In terms of making music with the Raspberry Pi, there are a handful of options available. People have come up with ways to turn their Pis into instruments of all kinds. However, by comparison, there are few music projects revolving around the Raspberry Pi Pico. So it’s thrilling to see a new Pico euclidean drum machine pop up on reddit.
Not only is this project inspired, but it’s also super straightforward and aproximacion included a GitHub repository with all the code you need to put it together yourself!
As aproximacion details, the euclid-16 above consists of a perfboard and a soap case.
Before we get into the hardware and software, it’s worth touching on what’s “euclidean” about this drum machine. Euclidean rhythms – referring to the ancient Greek mathematician, Euclid – are rhythms with super balanced patterns over intervals of time.
This has all sorts of really cool implications, but for this drum machine project, it means effectively that you determine the intervals and how many beats should go in each interval.
As you can see, this project has a perfboard attached to a soap case, along with an encoder, a yellow LED along with 16 red LEDs, four buttons, two shift register 74HC595 ICs, and a Raspberry Pi Pico.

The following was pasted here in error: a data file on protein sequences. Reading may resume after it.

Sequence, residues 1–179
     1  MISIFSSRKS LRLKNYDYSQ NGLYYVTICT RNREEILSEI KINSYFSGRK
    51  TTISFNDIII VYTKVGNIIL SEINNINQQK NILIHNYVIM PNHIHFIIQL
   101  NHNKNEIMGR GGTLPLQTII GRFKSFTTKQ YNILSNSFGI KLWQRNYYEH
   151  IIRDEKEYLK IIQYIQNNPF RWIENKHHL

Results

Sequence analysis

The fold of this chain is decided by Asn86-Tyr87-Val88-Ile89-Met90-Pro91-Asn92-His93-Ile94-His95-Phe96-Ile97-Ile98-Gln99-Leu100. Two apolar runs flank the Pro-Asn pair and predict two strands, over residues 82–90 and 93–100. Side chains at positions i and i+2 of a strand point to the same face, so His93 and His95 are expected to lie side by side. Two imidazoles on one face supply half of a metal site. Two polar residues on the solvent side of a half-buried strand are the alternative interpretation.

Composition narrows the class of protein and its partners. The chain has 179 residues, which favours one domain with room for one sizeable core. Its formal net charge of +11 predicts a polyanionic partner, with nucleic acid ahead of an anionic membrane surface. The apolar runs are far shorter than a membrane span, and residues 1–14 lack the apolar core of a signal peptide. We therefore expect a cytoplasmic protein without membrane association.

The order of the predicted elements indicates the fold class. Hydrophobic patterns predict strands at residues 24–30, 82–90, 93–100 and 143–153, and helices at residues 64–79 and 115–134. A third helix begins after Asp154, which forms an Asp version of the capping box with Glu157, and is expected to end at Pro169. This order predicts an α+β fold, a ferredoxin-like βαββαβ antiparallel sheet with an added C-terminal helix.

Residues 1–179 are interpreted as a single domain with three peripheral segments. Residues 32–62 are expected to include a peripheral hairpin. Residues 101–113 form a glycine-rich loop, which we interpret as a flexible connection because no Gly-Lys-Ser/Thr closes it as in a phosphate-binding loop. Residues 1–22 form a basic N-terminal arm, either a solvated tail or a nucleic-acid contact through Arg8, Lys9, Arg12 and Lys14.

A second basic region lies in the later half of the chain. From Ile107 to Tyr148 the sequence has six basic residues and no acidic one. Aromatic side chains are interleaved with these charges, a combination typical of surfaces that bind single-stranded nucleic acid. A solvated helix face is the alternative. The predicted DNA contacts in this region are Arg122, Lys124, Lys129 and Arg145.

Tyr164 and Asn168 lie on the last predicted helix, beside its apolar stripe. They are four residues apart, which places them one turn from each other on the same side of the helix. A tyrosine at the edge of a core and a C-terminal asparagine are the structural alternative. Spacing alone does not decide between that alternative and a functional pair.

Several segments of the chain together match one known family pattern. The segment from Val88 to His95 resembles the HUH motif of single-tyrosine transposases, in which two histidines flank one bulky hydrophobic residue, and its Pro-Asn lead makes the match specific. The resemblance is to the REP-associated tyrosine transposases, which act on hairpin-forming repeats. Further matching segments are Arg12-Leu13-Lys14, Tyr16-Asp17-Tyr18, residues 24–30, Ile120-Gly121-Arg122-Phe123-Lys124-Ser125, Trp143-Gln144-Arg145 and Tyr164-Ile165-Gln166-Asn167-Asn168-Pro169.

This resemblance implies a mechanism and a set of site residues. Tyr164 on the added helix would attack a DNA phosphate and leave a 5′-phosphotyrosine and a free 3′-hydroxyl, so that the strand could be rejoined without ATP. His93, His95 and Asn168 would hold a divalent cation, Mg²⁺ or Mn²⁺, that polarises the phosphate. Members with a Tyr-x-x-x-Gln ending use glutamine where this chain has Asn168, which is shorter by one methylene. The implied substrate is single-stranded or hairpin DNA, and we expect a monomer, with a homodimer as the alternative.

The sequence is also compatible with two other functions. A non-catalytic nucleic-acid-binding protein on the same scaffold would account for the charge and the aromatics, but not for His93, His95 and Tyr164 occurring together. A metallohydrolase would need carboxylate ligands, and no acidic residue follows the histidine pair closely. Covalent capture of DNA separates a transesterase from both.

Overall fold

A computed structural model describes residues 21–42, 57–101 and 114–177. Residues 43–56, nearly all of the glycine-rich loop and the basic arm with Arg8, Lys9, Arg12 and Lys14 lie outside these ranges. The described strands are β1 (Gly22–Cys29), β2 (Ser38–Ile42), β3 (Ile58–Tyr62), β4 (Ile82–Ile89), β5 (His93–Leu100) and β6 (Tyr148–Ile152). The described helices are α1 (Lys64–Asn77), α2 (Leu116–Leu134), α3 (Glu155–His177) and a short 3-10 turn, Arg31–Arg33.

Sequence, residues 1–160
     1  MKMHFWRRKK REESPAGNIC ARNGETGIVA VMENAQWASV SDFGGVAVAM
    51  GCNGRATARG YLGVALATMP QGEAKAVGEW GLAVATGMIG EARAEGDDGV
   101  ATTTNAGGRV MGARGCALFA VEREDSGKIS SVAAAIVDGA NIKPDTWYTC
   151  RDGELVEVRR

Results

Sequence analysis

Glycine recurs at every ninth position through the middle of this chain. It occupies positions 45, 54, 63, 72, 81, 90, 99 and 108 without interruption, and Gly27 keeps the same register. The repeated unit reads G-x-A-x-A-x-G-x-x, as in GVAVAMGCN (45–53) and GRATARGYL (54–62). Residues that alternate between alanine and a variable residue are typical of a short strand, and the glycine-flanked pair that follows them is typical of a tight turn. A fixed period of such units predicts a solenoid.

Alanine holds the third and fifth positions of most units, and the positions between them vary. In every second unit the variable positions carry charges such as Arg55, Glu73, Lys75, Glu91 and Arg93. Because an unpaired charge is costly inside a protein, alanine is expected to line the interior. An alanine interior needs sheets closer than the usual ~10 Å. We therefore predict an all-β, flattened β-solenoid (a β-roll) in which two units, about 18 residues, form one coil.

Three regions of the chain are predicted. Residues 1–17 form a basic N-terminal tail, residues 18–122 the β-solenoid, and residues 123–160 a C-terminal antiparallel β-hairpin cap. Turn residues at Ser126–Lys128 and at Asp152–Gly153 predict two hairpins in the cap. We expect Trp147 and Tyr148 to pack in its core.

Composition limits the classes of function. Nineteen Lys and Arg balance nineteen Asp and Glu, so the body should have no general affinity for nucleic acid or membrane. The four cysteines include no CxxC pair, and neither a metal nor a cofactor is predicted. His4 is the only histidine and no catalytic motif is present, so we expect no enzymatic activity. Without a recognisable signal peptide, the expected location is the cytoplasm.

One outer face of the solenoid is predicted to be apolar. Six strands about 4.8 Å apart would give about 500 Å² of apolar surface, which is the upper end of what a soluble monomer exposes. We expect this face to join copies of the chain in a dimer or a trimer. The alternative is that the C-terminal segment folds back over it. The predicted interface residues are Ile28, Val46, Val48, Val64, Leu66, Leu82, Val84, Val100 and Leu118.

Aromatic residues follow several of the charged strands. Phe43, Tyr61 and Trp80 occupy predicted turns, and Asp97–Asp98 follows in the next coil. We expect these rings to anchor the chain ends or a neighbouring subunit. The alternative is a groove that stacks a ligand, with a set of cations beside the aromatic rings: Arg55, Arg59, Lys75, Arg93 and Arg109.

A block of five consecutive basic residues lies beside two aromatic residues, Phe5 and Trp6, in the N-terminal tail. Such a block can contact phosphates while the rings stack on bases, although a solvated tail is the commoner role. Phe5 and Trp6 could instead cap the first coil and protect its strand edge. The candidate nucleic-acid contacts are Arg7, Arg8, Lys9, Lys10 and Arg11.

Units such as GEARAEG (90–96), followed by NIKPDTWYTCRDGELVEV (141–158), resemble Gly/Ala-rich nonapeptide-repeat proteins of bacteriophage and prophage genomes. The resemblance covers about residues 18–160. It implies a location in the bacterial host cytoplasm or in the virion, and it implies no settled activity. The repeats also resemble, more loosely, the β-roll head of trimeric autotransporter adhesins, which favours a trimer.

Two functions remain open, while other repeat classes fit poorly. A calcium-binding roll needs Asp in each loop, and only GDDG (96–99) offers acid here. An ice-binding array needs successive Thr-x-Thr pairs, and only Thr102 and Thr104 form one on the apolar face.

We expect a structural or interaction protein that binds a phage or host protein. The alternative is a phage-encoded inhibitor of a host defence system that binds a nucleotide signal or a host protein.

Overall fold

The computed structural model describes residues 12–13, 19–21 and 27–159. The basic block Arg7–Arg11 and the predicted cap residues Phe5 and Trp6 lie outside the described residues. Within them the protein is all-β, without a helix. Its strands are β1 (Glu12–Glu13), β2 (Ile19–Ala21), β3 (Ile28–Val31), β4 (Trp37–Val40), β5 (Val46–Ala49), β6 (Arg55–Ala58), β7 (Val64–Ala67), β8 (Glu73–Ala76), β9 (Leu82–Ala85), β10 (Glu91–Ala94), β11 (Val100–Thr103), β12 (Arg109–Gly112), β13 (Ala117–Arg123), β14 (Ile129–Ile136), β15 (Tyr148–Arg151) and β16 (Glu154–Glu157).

Obviously, though, the setup here is fairly customizable. Any case that could hold the Pico and necessary components, for instance, would be well-suited for a project like this.
The two shift registers control the 16 LEDs, as indicated by the wiring diagram included in the GitHub repository:
The code is CircuitPython, which aproximacion notes on the GitHub, “is great to play around,” but “it doesn’t provide hardware timer interrupts, which is critical to keep tempo consistent.”
The audio is output through PWM, but could be output through I2S as well. You can learn more about audio output with the Pico and PWM, I2S, and I2C in our article on audio with the Pico W.
In the reddit post, aproximacion says: “For the moment, it’s working as a MIDI sequencer, but audio through PWM, or using a i2s DAC should be also possible. The ideal goal would be to play cheap DR-55, CR-78, Minipops, etc samples in it.”
And this little drum machine can save up to 16 sequences.
So if you want to create a super cheap, really powerful euclidean drum machine with your Raspberry Pi Pico, this is the project for you!
Grab a couple of Picos and then you can put this together with some other projects to set up your rock band or a full orchestra.
If you’d like to see more details, check out the GitHub source here.
If you’d like to see more Paragon Projects that we’ve featured in this series – you can click here.
And if you’ve got any questions or if you’d like to suggest a project for this series, please comment below!